All about Windows XP Activation

The short story

To reduce software piracy, Microsoft requires that you validate your installation of XP through something called Windows Product Activation (WPA), either by connecting to their servers through the Net, or by calling a number where you'll get to either talk to a human being (great job...), or some automated answering device.

In either case, you'll have to provide both the Product ID (which is derived from the 25-character unique Product Key that you used to install XP), and a hashed number based on different devices in your computer. This lets Microsoft tell if you used a well-know, leaked Product Key, or if you gave a friend your legit Product Key so he can also install XP on his computer (in this case, the hardware ID will be different, and he'll have some explaining to do when he calls MS: One license = one computer).

If things go well, you will be given a release code to activate XP.

Note that if Service Pack 1 has been installed, the entire Product Key is also transmitted: This can then be checked against a list of known pirated keys.

The hardware is checked each time Windows boots, to ensure that it is still on the same machine. If you make significant hardware changes or reinstall XP altogether, you'll get a new hardware ID, which will prompt a new activation.

Note that $SYSTEM32\WPA.DBL and WPA.BAK should be saved and restored to avoid reactivation only when performing a 'Repair' reinstallation of XP; Those files are useless when performing a full reinstall.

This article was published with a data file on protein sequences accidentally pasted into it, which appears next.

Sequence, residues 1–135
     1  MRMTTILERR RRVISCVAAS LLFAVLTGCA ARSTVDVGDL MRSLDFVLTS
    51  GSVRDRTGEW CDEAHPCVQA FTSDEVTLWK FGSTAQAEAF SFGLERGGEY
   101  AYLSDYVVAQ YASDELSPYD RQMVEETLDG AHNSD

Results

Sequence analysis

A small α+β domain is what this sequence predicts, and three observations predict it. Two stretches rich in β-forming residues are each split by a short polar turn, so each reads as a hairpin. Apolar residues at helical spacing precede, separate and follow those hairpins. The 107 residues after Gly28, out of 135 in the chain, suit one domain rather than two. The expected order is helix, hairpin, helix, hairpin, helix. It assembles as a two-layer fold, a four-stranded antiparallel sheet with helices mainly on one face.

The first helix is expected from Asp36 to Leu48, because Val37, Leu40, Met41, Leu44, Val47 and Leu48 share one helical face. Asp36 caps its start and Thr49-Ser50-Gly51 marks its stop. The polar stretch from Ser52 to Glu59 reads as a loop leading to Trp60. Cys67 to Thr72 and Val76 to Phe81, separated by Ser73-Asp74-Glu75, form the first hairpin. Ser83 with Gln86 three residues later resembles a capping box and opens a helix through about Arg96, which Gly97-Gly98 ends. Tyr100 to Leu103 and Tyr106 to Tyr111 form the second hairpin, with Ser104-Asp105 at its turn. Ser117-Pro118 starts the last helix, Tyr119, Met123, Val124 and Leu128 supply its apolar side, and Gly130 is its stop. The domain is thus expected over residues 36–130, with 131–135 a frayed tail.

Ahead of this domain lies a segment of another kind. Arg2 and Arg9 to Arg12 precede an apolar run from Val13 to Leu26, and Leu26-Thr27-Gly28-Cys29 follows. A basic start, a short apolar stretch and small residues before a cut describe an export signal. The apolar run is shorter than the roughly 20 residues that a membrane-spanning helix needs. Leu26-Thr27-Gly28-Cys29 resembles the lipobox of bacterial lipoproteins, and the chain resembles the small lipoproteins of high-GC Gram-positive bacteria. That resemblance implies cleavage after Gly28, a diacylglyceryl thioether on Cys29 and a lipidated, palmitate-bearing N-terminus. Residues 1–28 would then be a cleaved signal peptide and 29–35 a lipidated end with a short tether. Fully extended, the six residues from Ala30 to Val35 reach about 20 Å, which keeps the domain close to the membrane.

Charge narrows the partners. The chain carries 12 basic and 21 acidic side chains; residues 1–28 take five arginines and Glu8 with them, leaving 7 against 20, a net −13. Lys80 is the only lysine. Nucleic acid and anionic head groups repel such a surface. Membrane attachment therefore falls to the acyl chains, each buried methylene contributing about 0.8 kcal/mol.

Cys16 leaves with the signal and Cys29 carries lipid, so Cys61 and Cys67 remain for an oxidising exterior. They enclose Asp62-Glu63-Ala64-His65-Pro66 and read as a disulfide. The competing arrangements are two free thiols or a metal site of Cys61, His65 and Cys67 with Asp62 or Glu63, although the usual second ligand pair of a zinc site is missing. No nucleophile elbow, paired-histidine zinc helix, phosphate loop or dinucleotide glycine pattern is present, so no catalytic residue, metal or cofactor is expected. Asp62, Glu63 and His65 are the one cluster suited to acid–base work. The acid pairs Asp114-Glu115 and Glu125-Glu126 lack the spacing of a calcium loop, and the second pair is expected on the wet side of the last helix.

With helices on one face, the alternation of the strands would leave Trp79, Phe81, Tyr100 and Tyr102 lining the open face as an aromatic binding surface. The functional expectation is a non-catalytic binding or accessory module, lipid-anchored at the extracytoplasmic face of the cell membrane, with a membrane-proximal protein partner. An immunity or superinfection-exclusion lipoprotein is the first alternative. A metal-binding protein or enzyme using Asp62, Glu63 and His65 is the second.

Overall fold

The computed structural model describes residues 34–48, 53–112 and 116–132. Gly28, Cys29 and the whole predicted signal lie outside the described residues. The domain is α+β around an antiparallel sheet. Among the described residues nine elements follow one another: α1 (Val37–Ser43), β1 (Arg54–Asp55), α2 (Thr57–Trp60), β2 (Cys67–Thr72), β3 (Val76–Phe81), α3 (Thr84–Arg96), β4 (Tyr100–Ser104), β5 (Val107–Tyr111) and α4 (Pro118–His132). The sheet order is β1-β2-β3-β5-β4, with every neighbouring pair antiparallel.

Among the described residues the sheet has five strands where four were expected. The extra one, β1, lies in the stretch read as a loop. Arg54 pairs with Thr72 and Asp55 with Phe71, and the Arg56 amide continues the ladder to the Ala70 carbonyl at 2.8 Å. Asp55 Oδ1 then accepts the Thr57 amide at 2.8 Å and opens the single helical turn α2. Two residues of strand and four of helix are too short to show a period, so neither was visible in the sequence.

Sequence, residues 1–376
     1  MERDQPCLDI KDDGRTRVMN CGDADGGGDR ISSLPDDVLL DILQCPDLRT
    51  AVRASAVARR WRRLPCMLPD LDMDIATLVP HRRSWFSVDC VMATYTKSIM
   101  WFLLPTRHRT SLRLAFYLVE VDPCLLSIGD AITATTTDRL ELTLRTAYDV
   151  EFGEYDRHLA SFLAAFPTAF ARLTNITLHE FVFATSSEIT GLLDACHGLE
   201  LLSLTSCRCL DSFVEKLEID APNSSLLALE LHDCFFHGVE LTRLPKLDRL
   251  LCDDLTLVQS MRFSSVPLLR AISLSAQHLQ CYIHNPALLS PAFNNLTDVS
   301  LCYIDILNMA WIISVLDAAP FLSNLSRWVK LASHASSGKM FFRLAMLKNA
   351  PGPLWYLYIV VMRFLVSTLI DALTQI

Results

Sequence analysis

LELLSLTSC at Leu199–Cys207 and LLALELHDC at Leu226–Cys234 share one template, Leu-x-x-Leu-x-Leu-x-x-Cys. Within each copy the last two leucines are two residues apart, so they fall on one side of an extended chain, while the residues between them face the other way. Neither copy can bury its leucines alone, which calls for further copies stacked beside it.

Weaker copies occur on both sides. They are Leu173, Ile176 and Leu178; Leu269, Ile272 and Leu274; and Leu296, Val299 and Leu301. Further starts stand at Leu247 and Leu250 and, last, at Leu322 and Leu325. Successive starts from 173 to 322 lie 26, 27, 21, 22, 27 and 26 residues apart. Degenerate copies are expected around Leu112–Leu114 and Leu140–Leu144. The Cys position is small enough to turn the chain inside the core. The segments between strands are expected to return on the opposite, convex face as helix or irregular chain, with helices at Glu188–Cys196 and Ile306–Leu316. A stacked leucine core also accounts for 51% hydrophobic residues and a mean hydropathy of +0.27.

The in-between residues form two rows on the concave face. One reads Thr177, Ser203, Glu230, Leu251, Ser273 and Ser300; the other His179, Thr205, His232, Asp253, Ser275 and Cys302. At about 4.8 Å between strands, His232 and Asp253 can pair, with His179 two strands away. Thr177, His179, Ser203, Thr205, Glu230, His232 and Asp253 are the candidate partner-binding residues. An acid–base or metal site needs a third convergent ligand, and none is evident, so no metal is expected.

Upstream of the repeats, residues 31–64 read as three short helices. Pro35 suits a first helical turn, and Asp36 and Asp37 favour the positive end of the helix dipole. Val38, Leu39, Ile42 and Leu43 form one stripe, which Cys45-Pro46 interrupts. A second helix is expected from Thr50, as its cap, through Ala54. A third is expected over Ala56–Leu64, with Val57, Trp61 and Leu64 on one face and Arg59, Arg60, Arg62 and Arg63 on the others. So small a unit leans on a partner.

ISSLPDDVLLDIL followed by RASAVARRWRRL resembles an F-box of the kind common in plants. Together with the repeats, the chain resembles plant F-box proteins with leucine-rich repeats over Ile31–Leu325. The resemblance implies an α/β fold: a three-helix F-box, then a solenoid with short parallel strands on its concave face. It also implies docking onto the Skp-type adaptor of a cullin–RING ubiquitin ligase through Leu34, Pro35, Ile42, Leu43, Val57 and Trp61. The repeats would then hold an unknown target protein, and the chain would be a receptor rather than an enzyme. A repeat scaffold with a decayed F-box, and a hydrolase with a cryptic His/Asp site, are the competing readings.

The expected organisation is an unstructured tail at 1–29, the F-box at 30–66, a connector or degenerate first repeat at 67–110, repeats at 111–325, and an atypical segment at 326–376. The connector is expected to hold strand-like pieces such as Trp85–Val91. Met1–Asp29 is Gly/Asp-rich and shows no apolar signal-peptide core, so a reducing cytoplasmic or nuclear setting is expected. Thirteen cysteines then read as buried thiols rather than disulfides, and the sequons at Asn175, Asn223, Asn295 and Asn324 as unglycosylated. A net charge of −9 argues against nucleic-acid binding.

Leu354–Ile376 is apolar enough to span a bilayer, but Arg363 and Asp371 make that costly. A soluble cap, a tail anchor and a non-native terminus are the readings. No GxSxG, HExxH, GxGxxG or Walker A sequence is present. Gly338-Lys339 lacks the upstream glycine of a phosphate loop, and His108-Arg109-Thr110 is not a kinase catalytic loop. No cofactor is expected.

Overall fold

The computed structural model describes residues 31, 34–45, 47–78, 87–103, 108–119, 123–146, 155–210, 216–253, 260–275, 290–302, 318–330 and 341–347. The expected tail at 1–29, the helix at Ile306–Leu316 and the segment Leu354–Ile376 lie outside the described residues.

Updating the Product Key on an installed XP

If you used a leaked serial number ("Product Key") when installing XP, and you suddenly no longer can log on, looping through the activation part, here's how to change the Product Key on an installed XP:



I need to change my XP Product Key

There are different ways:

Can I install SP1 on a pirated XP?

You'll need to change the Product Key to something legitimate only only for the corporate editions of Windows XP Professional using a compromised or illegitimate key. Windows XP Home Edition and retail versions of XP Professional are not affected by Service Pack 1.

How to tell if XP is activated?

Go to Start>Run and enter the following:  oobe/msoobe /a

What is Slipstreaming?

Combining a service pack into Windows.

What to do if XP won't let me log on?

If you installed XP with a leaked key, here's what to do to get going:

  1. Buy a legitimate CD of XP
  2. If you can get into Safe Mode, proceed with an In-place Upgrade
  3. If you can't even boot into Safe Mode, boot with the legit CD, and proceed with a Repair Install. Normally, it won't wipe out your data, but stuff happens, so you may want to back them up before by booting from eg. Bart's PE or Knoppix.

Both proceedures are explained by Michael Stevens.